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Posts Tagged ‘Browsers’.

We are pleased to present below all posts tagged with ‘Browsers’.

Reliable Cross-Browser Testing, Part 1: Internet Explorer

In a perfect world, cross-browser testing would be straightforward. We would download a legacy version of a browser, run it, and be able to instantly test our pages and scripts without a single care in the world. The reality of cross-browser testing, though, is very different. Issues such as runtime conflicts when running multiple versions of the same browser and inaccurate third-party testing tools mean we can spend hours just evaluating whether a testing set-up is anywhere near reliable.


I’m a user-interface developer at AOL (yes, we’re not dead yet!), and in this multi-part post I’ll take you through the exact set-up we use to accurately test content that will be potentially viewed by up to millions of users with a very diverse set of browsers. This set-up is similar to the one used by some of my colleagues at Opera, Mozilla and Google, so, fingers crossed, we’re doing this optimally.


Using CSS3: Older Browsers And Common Considerations

With the arrival of IE9, Microsoft has signalled its intent to work more with standards-based technologies. With IE still the single most popular browser and in many ways the browser for the uninitiated, this is hopefully the long awaited start of us Web craftsmen embracing the idea of using CSS3 as freely as we do CSS 2.1.

Lost World’s Fairs


However, with IE9 not being supported on versions of Windows before Vista and a lot of businesses still running XP and reluctant (or unable) to upgrade, it might take a while until a vast majority of our users will see the new technologies put to practice. While plenty of people out there are using CSS3, many aren’t so keen or don’t know where to start. This article will first look at the ideas behind CSS3, and then consider some good working practices for older browsers and some new common issues.


Cross-Browser Testing: A Detailed Review Of Tools And Services

As you probably know, cross-browser testing is an important part of any developer's routine. As the number of browsers increase, and they certainly have in recent years, the need for automatic tools that can assist us in the process becomes ever greater. In this article, we present an overview of different cross-browser testing applications and services. Surely, you are already familiar with some of them, and you may have even stumbled across another overview article, but this one takes a different approach.


This is not just a list of available tools, but rather a comprehensive analysis based on my experience with each of them. For the impatient among you, a summary table is at the end summarizing key metrics and unique features for each service. But if you're interested in my personal experience with these tools, then read on.


The Life, Times (and Death?) of Internet Explorer 6 (Comic Strip)

In recent years Internet Explorer 6 has become the browser web designers love to hate. Security issues, JavaScript errors and inexplicable CSS rendering quirks have made it the brunt of many jokes. With IE6 in its twilight and big companies like Google dropping support, it seems like a good time to take a fond look back at our old foe. In this post we're looking at what Internet Explorer 6 used to be and why its image changed over the years. You can also see the comic in a larger version.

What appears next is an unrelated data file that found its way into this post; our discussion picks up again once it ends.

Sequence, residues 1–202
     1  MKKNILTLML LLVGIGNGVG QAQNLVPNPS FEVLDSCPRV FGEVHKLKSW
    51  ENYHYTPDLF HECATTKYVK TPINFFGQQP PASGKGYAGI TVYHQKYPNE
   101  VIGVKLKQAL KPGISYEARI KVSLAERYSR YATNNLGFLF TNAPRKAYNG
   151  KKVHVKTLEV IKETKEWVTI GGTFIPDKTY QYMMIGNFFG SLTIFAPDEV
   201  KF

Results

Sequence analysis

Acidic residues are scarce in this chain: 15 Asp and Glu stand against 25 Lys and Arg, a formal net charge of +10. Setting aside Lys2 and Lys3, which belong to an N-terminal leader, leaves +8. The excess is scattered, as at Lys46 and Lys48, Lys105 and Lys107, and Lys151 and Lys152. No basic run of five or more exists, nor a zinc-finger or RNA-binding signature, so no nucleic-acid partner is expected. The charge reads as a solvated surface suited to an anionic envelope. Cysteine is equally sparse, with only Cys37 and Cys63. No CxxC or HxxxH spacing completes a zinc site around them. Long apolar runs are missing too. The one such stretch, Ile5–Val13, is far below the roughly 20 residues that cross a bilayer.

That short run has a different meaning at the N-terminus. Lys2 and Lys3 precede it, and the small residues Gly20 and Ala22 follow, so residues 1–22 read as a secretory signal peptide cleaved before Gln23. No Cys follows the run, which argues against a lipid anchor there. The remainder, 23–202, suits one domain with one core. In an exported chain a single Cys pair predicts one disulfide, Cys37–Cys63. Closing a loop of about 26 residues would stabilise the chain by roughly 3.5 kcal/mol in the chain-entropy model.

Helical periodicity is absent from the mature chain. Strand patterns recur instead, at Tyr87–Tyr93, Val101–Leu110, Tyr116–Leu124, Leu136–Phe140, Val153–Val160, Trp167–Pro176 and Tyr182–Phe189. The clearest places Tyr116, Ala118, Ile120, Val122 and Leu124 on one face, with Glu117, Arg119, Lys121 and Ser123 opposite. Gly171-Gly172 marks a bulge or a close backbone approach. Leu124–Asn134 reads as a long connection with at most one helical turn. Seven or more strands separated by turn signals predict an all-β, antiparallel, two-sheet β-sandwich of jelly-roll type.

Do we need to review our projects in Internet Explorer 6? Can we stop supporting IE6? If not, how do we handle those users who are still using IE6? And if yes, how can we prompt IE6 users to upgrade? Or how do we convince those who don't allow their employees to get rid of the legacy browser to upgrade? What do you think? We are looking forward to your opinions in the comments to this post!


Breaking: Internet Explorer 8.1 Eagle Eyes Leaked

Smashing Magazine tries to be at the forefront of new and exciting developments in the wide world of the web. You might have heard that we met with the IE 8 Chief Strategist in the past, so it should come as no surprise that we like to keep up with the latest events in the web browser industry.

Even with the successful recent release of Internet Explorer 8, in some underground circles there is already talk going around about the next version of Internet Explorer: IE 8.1, codenamed Eagle Eyes. Loaded with exclusive features such as a new JavaScript engine, support of WebSlices and full web standards support (CSS 3), IE 8.1 is speculated to debut in this summer.

Screenshot of IE 8.1

In this article, we take a closer look at the new features of Internet Explorer 8.1, compare it with other browsers and share with you our first-hand experience with the browser. Overall the browser is faster, more flexible, more stable and also more secure and performs already much better than a recently released IE 8. One word sums up our experience with IE 8.1: Eagle Eyes is the browser that Internet Explorer should have brought on the market a long time ago - and now it's finally here.


15 Helpful In-Browser Web Development Tools

There are many useful Web development tools that integrate in your browser. These in-browser tools are commonly known as add-ons or extensions. Though add-ons and extensions aren't just for Web development, many of them out there are designed specifically for Web developers. In-browser tools vary greatly in the jobs they perform; for example, some of them help you diagnose issues with CSS, HTML and JavaScript, while others evaluate the accessibility of your website.

Web Developer - screen shot.

In this article, we explore some of the most popular and useful in-browser Web development tools. You'll find tools for popular Web browsers like Firefox and Internet Explorer. Whether you need to debug and inspect your HTML, inspect HTTP headers, access FTP source files, evaluate accessibility or just figure out what color a Web page element is, you may find a variety of tools discussed here useful.